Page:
I have lived and worked as an expatriate for the past 20 years in an emerging market where the labor force is predominantly expatriates. During this time I have had exposure to thousands of expatriates and my conclusion is - we are not created equally.
For multinational organizations, mobility programs that deploy expatriates to emerging markets can deliver significant benefits such as improved global quality, a stronger organization culture and a more globally aware and experienced leadership. But these deployments are not without their pitfalls and a poor selection can often be damaging in unforeseen ways to an emerging market organization struggling to develop.
The following represent some typical expatriate profiles to be mindful of in the deployment selection process -
The Colonial Blowhard
Arrogant. This person is often in the latter stages of their career and is something of an exile from their home office and a legend in their own mind at the same time. They are in it for the income only and bring a colonial, selfish, scorched earth tactic to their deployment. They have no respect for company strategy, their colleagues or subordinates and only care about the local power map and their puppet master back home. At the end of this person’s deployment the local organization has nothing to show for their tenure apart from some short-term metrics. The blowhard screeches off in a tax-free sports car and the tire tracks left behind are on top of disgusted local hearts and minds asking themselves “why did we deserve that?”
People’s Champion. This person loves people and is motivated by the desire to be positively impactful in other people’s lives and careers. On deployment they develop sincere relationships with their colleagues and new community and seek ways to inspire and build them up. They represent the best of their organizations brand in very real ways and are often underappreciated because those qualities and contributions are not a part of the formal performance metrics. The end of their deployment is like a death in the family - not soon forgotten.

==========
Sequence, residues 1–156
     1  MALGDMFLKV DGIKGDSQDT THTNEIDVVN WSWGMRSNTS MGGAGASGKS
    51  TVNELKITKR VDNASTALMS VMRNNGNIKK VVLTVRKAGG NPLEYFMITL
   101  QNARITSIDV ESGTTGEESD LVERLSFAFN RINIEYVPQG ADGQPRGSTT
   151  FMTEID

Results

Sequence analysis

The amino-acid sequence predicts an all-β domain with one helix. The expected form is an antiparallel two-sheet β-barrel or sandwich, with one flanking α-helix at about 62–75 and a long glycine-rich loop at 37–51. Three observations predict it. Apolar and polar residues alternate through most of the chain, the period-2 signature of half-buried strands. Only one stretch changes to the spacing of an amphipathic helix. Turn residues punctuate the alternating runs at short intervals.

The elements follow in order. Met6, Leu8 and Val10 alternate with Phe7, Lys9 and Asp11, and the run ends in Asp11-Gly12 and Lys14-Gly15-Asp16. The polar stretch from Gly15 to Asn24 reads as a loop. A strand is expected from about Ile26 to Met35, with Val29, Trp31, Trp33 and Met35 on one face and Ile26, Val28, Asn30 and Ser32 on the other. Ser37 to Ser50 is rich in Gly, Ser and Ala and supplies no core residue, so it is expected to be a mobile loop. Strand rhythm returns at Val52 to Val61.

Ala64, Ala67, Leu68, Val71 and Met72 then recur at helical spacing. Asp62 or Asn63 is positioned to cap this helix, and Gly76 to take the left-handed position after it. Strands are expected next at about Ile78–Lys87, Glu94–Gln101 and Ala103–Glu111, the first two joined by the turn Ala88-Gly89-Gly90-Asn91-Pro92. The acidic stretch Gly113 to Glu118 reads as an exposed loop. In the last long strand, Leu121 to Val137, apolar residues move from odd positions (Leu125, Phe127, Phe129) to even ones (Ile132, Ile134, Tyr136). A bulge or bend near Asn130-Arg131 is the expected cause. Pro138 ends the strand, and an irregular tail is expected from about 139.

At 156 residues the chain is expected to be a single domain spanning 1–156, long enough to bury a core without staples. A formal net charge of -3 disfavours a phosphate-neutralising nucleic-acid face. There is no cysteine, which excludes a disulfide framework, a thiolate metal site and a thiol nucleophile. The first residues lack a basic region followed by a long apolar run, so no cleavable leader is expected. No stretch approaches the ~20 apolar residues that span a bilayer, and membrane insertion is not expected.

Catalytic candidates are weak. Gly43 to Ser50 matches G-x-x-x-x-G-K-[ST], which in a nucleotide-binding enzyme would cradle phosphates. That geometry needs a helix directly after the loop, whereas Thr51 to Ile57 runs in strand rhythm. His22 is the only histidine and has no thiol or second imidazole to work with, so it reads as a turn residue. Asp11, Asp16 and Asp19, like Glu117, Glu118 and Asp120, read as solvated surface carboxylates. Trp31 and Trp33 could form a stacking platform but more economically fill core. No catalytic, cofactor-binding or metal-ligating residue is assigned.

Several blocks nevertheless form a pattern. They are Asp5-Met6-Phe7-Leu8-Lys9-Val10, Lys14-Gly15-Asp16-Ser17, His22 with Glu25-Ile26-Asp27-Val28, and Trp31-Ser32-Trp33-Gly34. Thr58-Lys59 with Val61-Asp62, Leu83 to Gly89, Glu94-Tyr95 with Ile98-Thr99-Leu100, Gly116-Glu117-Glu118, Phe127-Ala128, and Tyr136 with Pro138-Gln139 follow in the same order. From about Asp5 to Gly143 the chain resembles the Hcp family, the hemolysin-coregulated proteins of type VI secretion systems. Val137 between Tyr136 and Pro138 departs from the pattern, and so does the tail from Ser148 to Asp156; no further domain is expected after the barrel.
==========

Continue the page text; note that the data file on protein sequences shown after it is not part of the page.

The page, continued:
The Mafia Don
Coward. This person is loaded with xenophobia and quickly surrounds themselves with people from their own culture or background to the detriment of the wider and more diverse organization. They show blatant favoritism to their own and discrimination to others based on which group they are from. The mafia don creates an environment of fear and mistrust and operates through patronage and coercion rather than uniting diverse teams around a common goal or vision. At the end of their tenure they typically anoint someone from their group no matter how ill-suited for leadership they are and the cycle of underperformance and dysfunctionality continues.
All Star. This person is technically world class and is so good at what they do the knowledge transfer they provide during their deployment is literally transformative on the local organization level. They become a magnet for attracting new talent, the market they operate in sees the organization in a new light and at the end of their tenure they have made an obvious and lasting impact.
The Calendar Counter
Prisoner. This person was coerced into a deployment they didn’t want by the promise of a promotion back home after their deployment ends. They do the minimum at work to justify their existence and spend their time counting the days until they are paroled to return home. Somehow their home office thought they would make a bad situation better by their sheer physical presence. Actually they demotivate everyone around them by their constant complaints about how bad everything is rather than focusing on improving the environment.
What home offices can do to improve the success of mobility deployment:
- Don’t send anyone on deployment from the lower half of your performance rankings. Emerging markets need best in class examples to grow and develop not just your expendable resources.
- Work with the local organization to define the performance goals for the deployment. They should have metrics tied to knowledge transfer, mentoring, attracting and retaining top talent and alignment to long term company strategy.
What local offices can do to improve the success of mobility deployment:
- Don’t accept anyone for deployment from the lower half of the performance rankings from other parts of the organization.
- Consider more local stakeholders having a voice in the selection of expat deployments not just the local HR and an individual executive.
- Drive the performance evaluation process with clear goals tied to the expat deployment.